Warrior Boy tells the story of Ben who lives in London with his Mum, a conservation film-maker, who has looked after him alone since the death of his Maasai father. One day Ben gets the chance to travel to Kenya to meet the Maasai half of his family; can be become a Warrior like his father before him?
This is a coming of age story, which charts the journey of Ben in Kenya, as he discovers more about his Maasai heritage and the Savannah of his ancestors. He meets his cousin Kip, and together they set out on a seven-day trip complete with challenges, to enable him to prove his worth as a warrior. However, the trip throws up more than the planned challenges, as Kip and Ben seek to survive the African Savannah, its animals and most dangerous of all – poachers intent on supplying the illegal ivory trade. Will what Ben has learnt in London equip him for such an adventure?
I loved the descriptions in this book which beautifully capture the Kenyan Savannah and the animals, along with the Maasai tribe themselves. It brought alive the colours, the smells and sounds of the landscape and the Maasai way of life and it was almost as if you were standing there looking at everything alongside Ben. The characters were well-written, and I found myself being able to relate to Ben, his Mum and Kip through the use of dialogue which helped move on the story.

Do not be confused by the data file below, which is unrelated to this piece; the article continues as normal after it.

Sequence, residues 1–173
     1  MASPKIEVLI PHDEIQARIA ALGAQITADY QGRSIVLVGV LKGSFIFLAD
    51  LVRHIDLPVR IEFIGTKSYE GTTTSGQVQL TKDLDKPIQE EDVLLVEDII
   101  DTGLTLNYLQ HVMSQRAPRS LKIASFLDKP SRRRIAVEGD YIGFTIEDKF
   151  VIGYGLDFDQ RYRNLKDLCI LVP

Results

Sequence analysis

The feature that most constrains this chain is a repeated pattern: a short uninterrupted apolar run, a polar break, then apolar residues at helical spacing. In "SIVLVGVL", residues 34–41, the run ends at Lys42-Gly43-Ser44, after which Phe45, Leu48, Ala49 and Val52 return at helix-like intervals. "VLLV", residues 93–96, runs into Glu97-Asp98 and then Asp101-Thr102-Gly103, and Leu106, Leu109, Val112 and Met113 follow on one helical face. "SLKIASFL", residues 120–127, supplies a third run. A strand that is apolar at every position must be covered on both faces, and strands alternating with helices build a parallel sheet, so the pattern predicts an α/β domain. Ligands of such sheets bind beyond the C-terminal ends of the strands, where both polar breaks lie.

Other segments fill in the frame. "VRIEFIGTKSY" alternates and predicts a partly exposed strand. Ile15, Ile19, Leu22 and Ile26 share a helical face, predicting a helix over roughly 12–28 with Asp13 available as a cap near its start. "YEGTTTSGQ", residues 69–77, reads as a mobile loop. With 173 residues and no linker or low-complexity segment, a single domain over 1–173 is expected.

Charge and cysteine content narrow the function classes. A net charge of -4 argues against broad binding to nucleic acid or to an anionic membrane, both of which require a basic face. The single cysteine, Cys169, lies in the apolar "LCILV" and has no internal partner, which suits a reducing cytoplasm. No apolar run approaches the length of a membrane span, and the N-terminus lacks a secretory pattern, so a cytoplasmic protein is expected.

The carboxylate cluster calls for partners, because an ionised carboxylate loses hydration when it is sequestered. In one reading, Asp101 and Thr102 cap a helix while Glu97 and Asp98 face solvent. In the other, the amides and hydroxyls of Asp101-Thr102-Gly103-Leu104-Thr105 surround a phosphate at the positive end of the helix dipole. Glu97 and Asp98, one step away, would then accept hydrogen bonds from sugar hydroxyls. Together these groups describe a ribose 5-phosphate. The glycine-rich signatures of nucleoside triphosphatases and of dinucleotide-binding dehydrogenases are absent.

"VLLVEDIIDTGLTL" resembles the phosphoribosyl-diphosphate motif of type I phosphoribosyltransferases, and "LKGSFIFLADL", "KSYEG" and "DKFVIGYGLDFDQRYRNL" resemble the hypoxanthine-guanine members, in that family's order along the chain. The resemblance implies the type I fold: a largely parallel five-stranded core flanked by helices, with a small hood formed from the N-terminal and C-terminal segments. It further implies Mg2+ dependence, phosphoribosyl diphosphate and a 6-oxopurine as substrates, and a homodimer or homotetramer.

I would recommend this as a class or guided read, and it would work well alongside curriculum on Africa, particularly Kenya, but also it explores themes such as family, belonging and what it means to be different, along with conservation issues. I enjoyed reading it and would recommend for older juniors.
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